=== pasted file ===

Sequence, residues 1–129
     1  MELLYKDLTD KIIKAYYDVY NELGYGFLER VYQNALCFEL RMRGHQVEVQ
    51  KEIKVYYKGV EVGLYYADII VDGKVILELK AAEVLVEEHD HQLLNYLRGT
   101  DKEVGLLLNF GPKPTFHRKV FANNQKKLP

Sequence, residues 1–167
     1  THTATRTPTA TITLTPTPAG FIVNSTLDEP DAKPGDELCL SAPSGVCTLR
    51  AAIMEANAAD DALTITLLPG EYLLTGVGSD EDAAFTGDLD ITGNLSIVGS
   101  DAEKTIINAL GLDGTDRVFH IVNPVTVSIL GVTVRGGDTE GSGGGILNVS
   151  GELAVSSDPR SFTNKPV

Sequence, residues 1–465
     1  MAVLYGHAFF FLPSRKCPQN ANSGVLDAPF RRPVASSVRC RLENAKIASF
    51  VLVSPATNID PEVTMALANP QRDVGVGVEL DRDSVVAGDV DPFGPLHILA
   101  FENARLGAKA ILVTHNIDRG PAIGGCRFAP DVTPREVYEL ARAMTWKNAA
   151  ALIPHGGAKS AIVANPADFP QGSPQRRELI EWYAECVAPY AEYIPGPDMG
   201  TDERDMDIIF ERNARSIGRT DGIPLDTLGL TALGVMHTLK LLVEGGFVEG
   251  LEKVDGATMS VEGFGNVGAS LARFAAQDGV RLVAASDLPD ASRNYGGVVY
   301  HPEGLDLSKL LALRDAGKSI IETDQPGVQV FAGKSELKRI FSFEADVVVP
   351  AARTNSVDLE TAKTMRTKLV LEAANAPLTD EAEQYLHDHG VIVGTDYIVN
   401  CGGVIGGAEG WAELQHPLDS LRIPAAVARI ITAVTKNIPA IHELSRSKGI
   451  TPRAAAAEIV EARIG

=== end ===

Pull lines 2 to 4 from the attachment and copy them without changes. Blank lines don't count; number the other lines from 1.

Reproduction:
     1  MELLYKDLTD KIIKAYYDVY NELGYGFLER VYQNALCFEL RMRGHQVEVQ
    51  KEIKVYYKGV EVGLYYADII VDGKVILELK AAEVLVEEHD HQLLNYLRGT
   101  DKEVGLLLNF GPKPTFHRKV FANNQKKLP